I am writing to endorse Robert “Bob” Palmer for the position of Director at Marion County Fire District No. 1.
My name is Dan Olsen. I served as Fire Chief and Budget Officer of Marion County Fire District No. 1 from 1996-2000. During that time it was my pleasure to work with Bob Palmer.
As Fire Chief, I know the importance of having Directors on the Board that understand the challenges, are fiscally responsive and are committed to serving in the best interest of the citizens, employees and volunteers of the District.
Bob Palmer is the right person for the right position at the right time.
He manages a successful small business.
As a construction superintendent, he has the expertise to successfully deal with large budgets and be fiscally responsible.
Bob served his community for twenty-three years, as a volunteer firefighter and officer with Fire District 1, retiring as Deputy Chief.
His experience, skills and dedication make him the best choice for the position of Director.
Please join the growing number of supporters who are voting for Bob Palmer for Marion County Fire District Director position No. 2.
Trustworthy…Experienced…Dedicated. Palmer—Fire District Director.
Please consider joining me in voting for Randy Franke for Marion County Fire District #1.
I’ve known Randy Franke for more than 25 years and can affirm his professional leadership skills, and impeccable integrity. You can always count on Randy to do his homework, and be confident that he involves people from all sides of an issue.
Randy means what he says and you can trust him. I’m voting for Randy Franke for Marion County Fire District #1, and I hope everyone does the same.
As we reflect on the just-passed Earth Day, we should each consider how we can take steps to improve our environmental performance. At Covanta Marion, we strive for continuous improvement and have a number of programs and design elements to contribute to our overall environmental performance.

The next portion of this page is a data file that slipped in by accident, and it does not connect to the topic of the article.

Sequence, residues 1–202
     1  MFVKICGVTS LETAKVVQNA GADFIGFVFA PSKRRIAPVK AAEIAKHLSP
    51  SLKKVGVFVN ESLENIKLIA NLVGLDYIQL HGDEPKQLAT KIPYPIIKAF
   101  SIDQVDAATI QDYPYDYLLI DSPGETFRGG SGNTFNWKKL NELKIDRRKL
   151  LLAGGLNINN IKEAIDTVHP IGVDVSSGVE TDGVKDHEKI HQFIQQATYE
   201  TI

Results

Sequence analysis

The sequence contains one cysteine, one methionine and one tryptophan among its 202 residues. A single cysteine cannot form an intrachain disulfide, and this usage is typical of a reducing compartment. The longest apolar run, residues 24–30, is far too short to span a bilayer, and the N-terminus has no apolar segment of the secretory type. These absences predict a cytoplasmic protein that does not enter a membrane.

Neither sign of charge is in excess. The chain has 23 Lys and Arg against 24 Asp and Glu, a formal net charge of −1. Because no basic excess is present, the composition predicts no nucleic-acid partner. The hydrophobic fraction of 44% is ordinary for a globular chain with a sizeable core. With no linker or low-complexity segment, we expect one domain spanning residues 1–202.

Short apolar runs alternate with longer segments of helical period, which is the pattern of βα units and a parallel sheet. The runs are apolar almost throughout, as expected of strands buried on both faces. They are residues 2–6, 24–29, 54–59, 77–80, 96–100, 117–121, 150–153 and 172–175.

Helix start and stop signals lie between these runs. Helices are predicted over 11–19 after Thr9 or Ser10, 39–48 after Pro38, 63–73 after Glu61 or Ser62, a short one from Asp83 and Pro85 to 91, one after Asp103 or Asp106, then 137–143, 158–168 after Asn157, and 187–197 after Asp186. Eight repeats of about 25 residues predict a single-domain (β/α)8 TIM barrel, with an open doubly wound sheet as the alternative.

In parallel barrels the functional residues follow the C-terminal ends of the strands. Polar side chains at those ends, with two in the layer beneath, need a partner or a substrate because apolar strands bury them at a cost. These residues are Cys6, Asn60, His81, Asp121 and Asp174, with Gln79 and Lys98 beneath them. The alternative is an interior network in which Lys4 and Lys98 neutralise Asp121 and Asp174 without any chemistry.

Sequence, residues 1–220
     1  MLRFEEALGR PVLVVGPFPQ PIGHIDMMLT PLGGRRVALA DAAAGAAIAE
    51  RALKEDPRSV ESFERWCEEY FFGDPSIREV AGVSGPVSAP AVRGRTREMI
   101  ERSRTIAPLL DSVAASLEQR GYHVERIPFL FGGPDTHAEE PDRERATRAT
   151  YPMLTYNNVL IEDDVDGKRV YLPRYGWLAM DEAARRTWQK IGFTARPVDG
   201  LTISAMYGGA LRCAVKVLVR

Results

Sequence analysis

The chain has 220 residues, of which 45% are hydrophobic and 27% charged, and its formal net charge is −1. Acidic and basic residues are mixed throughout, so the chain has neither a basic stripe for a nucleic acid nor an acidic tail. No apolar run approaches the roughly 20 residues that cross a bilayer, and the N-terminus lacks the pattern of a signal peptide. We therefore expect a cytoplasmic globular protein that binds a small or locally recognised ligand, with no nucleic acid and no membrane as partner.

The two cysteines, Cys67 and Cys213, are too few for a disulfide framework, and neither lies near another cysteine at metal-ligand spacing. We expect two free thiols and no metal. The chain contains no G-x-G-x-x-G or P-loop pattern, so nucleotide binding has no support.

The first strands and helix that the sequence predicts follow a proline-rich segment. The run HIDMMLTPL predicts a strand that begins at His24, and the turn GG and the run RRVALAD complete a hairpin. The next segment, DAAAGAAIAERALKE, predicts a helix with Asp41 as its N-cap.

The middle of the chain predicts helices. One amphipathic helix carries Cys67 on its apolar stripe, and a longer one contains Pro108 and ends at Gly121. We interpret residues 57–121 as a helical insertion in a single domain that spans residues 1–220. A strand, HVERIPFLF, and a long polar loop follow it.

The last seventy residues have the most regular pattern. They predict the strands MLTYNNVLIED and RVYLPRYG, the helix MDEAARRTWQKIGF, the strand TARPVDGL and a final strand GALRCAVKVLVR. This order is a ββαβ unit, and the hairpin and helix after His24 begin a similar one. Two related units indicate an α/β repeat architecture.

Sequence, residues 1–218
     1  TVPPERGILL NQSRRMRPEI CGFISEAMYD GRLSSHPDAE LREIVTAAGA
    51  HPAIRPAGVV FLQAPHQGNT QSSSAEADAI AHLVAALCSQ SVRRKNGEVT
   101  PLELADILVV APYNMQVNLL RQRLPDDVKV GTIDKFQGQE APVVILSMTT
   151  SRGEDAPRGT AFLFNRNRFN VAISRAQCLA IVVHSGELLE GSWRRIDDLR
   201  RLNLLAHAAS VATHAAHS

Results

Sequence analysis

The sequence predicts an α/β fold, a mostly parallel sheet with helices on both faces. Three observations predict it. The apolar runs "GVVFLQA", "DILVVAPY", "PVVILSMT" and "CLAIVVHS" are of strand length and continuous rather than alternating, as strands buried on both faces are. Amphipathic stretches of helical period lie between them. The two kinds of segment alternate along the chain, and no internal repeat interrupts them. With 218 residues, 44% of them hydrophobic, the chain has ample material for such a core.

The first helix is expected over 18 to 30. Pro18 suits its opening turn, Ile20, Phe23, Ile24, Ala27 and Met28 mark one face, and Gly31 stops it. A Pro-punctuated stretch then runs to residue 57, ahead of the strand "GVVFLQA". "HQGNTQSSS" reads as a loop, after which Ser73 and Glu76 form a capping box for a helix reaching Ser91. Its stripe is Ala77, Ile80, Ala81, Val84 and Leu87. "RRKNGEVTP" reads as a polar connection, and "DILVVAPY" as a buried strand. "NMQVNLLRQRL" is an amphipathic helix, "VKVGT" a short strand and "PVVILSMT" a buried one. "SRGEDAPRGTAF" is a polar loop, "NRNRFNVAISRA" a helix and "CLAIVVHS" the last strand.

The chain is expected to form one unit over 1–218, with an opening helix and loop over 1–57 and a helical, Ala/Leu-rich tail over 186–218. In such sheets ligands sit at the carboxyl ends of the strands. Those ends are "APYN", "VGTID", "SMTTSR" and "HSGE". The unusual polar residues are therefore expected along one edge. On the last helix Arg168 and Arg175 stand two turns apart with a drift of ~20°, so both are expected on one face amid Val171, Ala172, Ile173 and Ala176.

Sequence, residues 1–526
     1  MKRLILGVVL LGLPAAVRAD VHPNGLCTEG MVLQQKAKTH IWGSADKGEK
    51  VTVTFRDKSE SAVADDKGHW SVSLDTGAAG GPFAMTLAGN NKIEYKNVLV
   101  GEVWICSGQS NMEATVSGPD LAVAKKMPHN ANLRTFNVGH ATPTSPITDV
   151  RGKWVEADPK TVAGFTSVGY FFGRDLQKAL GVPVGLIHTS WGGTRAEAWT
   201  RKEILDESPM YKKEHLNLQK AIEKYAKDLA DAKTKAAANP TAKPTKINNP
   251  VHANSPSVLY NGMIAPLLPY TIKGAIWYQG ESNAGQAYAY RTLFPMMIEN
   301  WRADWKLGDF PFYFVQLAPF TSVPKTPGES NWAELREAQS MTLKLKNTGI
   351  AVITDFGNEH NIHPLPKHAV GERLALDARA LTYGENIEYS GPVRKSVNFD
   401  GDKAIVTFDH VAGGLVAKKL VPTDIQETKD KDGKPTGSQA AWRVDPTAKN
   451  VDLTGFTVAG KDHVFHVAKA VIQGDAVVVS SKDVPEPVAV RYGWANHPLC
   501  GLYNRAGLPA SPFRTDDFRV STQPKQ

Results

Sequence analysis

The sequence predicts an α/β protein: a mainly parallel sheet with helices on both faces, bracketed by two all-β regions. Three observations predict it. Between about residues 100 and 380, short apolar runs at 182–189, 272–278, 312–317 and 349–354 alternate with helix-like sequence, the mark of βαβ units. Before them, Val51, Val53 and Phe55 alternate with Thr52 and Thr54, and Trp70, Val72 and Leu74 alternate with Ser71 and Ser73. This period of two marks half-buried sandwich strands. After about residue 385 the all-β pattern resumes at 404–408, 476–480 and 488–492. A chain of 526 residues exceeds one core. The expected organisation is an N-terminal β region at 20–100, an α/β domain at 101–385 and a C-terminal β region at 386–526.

In 2010, by recovering energy from our municipal waste, we produced 86,352 megawatt hours of clean renewable energy – enough energy to power 8,000 homes. And, for each ton of waste we processed, we reduced greenhouse gas emissions by about one ton. We also recycled 4,704 tons of ferrous metals in 2010. These important natural resources would not be recycled if our waste went to a landfill instead of an Energy-from-Waste facility. According to the U.S. Environmental Protection Agency, each ton of ferrous metal we recycled saved 1.7 tons of greenhouse gases.
While we are very proud of our 2010 performance, we hope to do even better in 2011 while continuing to serve our community with reliable, sustainable waste disposal and clean renewable energy generation.
I am writing in support of re-electing Randy Franke to the Marion County Fire District #1 Board of Directors.
He served as our Marion County commissioner for 24 years and I had the opportunity to observe him in that role first hand.
It was his vision that created the comprehensive solid waste management system from curb side recycling to energy from our waste that can not be recycled.